Indigenous Environmental Activist Irma Galindo Barrios Has Been Found Ten Days After Going Missing
To be a journalist, an elected official, a business owner, and an activist in Mexico can be very risky. The same could be said for other countries as well. Speaking your mind, making changes, and reporting facts can cost you your life. Many people have died because of the work they do in Mexico. So, anytime anyone goes missing, people go on high-alert because it’s never just a random thing. These matters are very serious and need to be addressed.
On Nov. 10, an environmentalist based in Oaxaca went missing. Her name is Irma Galindo Barrios, and her activism work focuses on the protection of the forest in Oaxaca.
Just weeks before, when she went missing, the 36-year-old posted on her Facebook that she felt she was being threatened by the president and commissioner of San Esteban Atatlahuaca, Oaxaca, among others.
“For days my own neighbors told me that they will come for me,” she wrote on Oct. 27. Galindo Barrios added that she is “only an artisan and ecologist and healer.” She said that local officials were spreading lies about her.
“It is the same strategy that the commissioner and the president used to get me out of town hall because I did not agree to invest more in alcohol than in cultural activities,” she added, “I live in good view Totoi in case they want to come for me, just let me know beforehand to wait for them.”
On Nov. 8, she made a post on Facebook in which she called out local officials for not protecting the communities from loggers. She went missing two days later.
Galindo Barrios posted information about the injuries, and reportedly, their subsequent death of two people in the forest of San Esteban Atatlahuca. She wrote that people in the area needed protection.
According to blogs, Galindo Barrios’s partner has asked officials for protection in the past, but the request has never been granted.
Just yesterday, Galindo Barrios was apparently found after ten days of her unknown whereabouts. According to reports, she hid in the forest for protection in fear that her life was in danger.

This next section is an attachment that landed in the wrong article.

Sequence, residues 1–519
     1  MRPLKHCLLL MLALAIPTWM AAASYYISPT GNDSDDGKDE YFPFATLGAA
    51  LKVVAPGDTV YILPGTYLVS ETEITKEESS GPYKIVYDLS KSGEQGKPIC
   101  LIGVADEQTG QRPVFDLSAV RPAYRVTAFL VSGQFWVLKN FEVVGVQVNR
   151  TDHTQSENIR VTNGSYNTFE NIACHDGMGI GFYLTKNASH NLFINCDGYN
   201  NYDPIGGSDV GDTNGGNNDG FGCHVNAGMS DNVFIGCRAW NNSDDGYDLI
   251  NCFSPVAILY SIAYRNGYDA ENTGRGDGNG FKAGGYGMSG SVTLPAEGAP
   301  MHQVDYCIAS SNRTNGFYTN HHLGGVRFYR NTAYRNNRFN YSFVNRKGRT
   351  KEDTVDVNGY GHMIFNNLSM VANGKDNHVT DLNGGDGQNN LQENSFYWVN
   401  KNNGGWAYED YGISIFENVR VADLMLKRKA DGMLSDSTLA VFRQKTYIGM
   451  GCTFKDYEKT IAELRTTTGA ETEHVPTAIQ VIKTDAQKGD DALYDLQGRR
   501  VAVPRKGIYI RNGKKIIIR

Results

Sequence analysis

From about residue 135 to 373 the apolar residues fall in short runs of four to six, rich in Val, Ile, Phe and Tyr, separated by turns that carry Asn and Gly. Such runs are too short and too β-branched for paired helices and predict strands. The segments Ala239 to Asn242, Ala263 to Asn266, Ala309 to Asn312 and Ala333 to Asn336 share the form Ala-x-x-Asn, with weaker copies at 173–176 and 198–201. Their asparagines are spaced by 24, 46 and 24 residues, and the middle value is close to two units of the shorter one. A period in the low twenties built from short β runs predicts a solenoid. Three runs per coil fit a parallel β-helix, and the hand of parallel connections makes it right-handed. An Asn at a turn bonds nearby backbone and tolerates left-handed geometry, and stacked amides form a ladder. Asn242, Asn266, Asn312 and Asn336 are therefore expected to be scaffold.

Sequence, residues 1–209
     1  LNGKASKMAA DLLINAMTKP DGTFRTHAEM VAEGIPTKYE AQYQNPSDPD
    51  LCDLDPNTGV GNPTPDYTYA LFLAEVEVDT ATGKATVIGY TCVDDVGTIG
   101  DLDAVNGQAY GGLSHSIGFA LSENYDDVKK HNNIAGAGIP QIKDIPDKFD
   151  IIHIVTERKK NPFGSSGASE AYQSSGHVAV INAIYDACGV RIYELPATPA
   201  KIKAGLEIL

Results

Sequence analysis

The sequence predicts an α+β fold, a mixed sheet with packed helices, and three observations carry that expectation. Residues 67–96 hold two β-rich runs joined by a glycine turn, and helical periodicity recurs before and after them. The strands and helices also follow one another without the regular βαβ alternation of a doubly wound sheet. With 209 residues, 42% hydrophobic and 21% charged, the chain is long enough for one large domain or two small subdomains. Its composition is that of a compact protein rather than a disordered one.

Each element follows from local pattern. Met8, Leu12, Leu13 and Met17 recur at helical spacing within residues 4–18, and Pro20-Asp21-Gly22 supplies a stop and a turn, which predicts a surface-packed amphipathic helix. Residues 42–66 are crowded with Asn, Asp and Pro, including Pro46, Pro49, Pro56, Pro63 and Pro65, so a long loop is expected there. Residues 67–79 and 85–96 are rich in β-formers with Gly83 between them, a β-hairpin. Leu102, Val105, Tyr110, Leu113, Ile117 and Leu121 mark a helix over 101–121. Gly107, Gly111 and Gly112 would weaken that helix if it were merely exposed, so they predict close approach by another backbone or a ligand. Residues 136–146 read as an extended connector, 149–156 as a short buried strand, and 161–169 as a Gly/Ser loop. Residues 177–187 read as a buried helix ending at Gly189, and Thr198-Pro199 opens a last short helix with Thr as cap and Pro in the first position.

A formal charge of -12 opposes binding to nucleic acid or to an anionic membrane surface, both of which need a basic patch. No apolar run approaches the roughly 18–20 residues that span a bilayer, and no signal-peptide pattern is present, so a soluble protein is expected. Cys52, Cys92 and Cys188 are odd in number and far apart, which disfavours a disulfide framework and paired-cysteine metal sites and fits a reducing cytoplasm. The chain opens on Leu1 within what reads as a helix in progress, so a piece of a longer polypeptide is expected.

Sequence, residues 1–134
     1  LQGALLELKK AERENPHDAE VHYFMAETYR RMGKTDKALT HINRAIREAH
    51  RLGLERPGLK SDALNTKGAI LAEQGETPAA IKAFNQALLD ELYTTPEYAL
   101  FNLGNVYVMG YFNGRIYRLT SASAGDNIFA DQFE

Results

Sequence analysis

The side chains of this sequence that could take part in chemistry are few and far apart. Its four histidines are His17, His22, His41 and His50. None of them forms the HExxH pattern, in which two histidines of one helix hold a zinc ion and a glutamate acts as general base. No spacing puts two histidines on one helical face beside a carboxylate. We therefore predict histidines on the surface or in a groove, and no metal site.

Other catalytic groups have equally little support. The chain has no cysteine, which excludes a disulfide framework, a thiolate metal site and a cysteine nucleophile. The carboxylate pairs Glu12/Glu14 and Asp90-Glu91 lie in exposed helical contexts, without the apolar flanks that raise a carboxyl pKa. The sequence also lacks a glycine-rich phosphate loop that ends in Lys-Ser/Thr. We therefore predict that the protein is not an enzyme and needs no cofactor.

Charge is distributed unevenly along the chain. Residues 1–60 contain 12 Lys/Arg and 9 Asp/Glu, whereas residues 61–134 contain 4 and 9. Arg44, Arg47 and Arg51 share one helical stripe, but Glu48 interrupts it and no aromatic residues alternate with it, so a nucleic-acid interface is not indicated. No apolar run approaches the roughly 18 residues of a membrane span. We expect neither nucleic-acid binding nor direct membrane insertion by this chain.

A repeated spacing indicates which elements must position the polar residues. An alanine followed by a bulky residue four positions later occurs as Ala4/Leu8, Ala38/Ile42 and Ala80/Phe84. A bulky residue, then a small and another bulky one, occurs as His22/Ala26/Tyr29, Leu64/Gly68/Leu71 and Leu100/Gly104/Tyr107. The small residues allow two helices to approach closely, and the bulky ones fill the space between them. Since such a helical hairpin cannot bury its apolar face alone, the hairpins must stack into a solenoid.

Gloria Flores, who works with the National Network of Human Rights Defenders, reports that Galindo Barrios’s house was burned and added that the most terrifying aspect is that Galindo Barrios “denounced the situation” occurring in her native land and nothing has been done about it. Flores added that Galindo Barrios must be able to continue her work as a defender of environmental rights, in order to protect their land and protect others from intimidation or worse.
While the work of activists in Mexico has always been under threat, reports show that the lives of activists are considerably in danger more now than ever before.
According to Amnesty International and Global Witness, at least 41 activists have been killed in the past three years. The trend has been increasing since 2017. Amnesty International reports that 12 murders happened this year alone. Amnesty International’s Americas director Erika Guevara-Rosas said that Mexico President Andrés Manuel López Obrador should call out the atrocities against activists and should do something to protect them.
She called their work incredibly important to the country, and are “brave defenders of the land, territory, and environment face constant danger in Mexico.” She the president must “publicly recognize activists for their invaluable contribution to the protection of natural resources.”
The threat against environmentalists is an extremely serious situation in Mexico. In 2018, indigenous rights activist Julián Carrillo who was also an environmentalist activist like Galindo Barrios was killed in Chihuahua after numerous threats against him and his family.
“After a year, the Mexican authorities still haven’t tried those responsible for Carrillo’s death. As of now, two people have been detained and are being investigated, but they still haven’t determined responsibility,” Amnesty International said in a press release. They added, “The fight for the rights of the land and against indiscriminate exploitation of natural resources, carried out by defenders of land and territory, deserves all of our solidarity and support, given our fundamental obligation to leave a healthy environment for future generations.”
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